63. Nursing Management • 1. Allow the cast to air dry (usually 24-72 hours) • 2. Handle a wet cast with the PALMS not the fingertips to avoid dents.
  64. Nursing Management • 3. Keep the casted extremity ELEVATED using a pillow to reduce swelling. • 4. Turn the extremity for equal drying. DO NOT USE DRYER for plaster cast – Encourage mobility and range of motion exercises
  65. Nursing Management • 5. Petal the edges of the cast to prevent crumbling of the edges. • 6. Examine the skin for pressure areas and Regularly check the pulses and skin color.
  66. Nursing Management • 7. Instruct the patient not to place sticks or small objects inside the cast. • 8. Monitor for the following: pain, swelling, discoloration, coolness, tingling or lack of sensation and diminished pulses. • 9.Hot spots (progressively painful areas) occurring along the cast may indicate infection under the cast
  67. Windowing or Bivalving a cast  Cutting the cast along both sides & splitting to decrease pressure  To visualize wounds under cast/remove drain  Allow pulse assessment  For wound care: Remove half of the cast Neuro vascular assessment:  Extremity: color, warmth, pulse distal to cast, capillary refill( Circulatory function)  Movement of distal finger/toes, light touch, sensation ( Nerve function)  N.V assessment every 30mts for 4hrs.after cast application
  68.  Cast material water resistance varies: - Plaster casts are not water resistant. - Synthetic casts are but undercast material in not. - Thermoplastic casts are and have no undercast material.
  69.  Application of a pulling force to an injured body part or extremity while a counter traction pulls in the opposite direction Purpose:  Reduce, realign & promote healing of fracture  Decrease muscle spasm  Prevent soft tissue damage  Prevent or treat deformity  Rest an inflamed or painful joint  Reduce & treat dislocation  Prevent contracture
  70. Based on principle Fixed traction Sliding traction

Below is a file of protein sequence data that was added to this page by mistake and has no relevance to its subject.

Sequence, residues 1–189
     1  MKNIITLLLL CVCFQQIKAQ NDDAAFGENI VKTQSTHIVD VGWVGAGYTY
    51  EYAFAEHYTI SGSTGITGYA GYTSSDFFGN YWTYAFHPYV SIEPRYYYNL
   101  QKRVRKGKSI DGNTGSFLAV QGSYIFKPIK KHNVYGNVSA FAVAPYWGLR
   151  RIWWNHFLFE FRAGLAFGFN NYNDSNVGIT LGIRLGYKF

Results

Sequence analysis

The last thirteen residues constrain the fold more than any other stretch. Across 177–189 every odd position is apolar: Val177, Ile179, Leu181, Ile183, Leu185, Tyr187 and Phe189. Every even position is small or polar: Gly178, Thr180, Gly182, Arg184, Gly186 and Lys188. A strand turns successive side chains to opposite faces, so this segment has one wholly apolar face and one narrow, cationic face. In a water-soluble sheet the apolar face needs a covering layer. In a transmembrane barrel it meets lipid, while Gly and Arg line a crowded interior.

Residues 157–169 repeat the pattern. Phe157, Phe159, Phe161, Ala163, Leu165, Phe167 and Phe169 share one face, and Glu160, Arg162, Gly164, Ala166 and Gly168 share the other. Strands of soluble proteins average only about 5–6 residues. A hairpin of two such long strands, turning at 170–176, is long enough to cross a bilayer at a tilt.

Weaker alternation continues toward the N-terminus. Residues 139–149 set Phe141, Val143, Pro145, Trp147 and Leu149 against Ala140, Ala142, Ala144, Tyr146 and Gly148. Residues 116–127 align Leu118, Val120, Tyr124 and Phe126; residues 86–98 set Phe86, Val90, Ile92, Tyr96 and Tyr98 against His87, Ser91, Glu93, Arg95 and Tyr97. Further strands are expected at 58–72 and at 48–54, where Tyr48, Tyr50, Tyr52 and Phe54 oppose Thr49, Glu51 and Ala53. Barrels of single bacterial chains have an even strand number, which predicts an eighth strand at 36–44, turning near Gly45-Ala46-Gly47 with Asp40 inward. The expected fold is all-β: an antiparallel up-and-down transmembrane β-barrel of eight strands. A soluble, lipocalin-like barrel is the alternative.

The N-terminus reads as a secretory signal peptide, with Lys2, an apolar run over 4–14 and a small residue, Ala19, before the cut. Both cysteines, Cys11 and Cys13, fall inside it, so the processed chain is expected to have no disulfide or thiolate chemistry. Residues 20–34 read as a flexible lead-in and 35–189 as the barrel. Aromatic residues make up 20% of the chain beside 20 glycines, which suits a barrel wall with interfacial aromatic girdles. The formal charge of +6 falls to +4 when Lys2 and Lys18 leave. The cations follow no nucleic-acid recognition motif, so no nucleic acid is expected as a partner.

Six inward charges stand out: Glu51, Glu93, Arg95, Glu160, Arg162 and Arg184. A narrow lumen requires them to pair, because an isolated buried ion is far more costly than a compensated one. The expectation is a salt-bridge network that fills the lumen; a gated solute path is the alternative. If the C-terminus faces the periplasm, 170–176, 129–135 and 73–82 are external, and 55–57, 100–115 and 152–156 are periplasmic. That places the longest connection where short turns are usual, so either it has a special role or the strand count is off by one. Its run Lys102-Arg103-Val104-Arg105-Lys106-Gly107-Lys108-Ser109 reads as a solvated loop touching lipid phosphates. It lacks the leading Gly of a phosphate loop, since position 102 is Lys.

71.  Traction is applied to the leg against a fixed point of counter pressure.
  72.  When the weight of all or part of the body, acting under the influence of gravity, is utilized to provide counter-traction.
  73.  Exact weight required is determined by trial.  For the fracture of femoral shaft an initial weight of 10% of body weight  Foot end is elevated so that the body slides in opposite direction.  1 inch (2.5 cm) for each 1 lb (0.46 kg) of traction weight
  74. Skin traction Skeletal Traction
  75.  Traction force is applied over a large area of skin  Applied over limb distal to fracture site  Used for Short term treatment (48 to 72 hrs)  Tapes, boots or splints are applied directly to the skin and maintain alignment, assist in reduction and to help diminish muscle spasm in the injured extremity  Traction weight – 5-10 Ib (2.3 – 4.5KG)
  76.  Buck’s Traction  Hamilton Russel Traction  Gallow’s or Brayant’s Traction  Modified Brayan’s Traction  Pelvic Traction  Dunlop Traction
  77.  A foam boot is applied to client’s affected limb & attached to weight that is suspended off the foot of the bed. Used for fracture femur, knee or back.  Can be used unilaterally or bilaterally.  Check every 4th hourly for decreased peripheral vascular flow, peroneal nerve deficit, pressure necrosis and allergic reaction towards adhesive material
  78.  Used for fracture of hip or femur  A broad soft sling is placed under the knee
  79.  the treatment of fracture shaft femur in children up to age of 2 yrs.  Weight of child should be less than 15- 18 kg
  80.  Sometimes used as a initial management of developmental dysplasia of hip (1 YR)  After 5 days of Bryant’s traction, abduction of both hips is begun increased by about 10 degree alternate days.  By three weeks hips should be fully abducted.
  81.  Used for conservative management of IVDP  The amount by which foot end should be elevated depends upon patient’s weight , more heavy the patient, more should be elevation.
  82.  USED IN fracture of humerus  Useful when flexion of elbow causes circulatory embarrassment with loss of radial pulse  Apply skin traction to forearm  Abduct shoulder about 45 degree  the elbow is flexed 45 degree.
  83. COMPLICATIONS  Allergic reactions to adhesives.  Excoriation of skin.  Pressure sores over bony prominences.  Common nerve palsy.
  84.  Using pin or wire  7-15 pounds/ 2.3-20.4 kg  more frequently used in lower limb fractures  Should be used for those cases in which skin traction is insufficient.  Generally used when more weight is needed to give traction.  To treat fractures conservatively.
  85. SITES  Upper tibial  Lower femoral  Lower tibial  Calcaneus  Olecrenon  Metacarpel
  86.  Lateral or Upper Femoral Traction  Nintey / Nintey traction  Olecrenone traction  Perkin’s Traction
  87. For the management of central fracture dislocation of the hip Attach weight upto 9 kgs Traction to continued for about 4-6 wks
  88.  Used for fracture proximal third of the shaft of the femur  Traction is given through lower femoral pin, which is more efficient, or by upper tibial pin.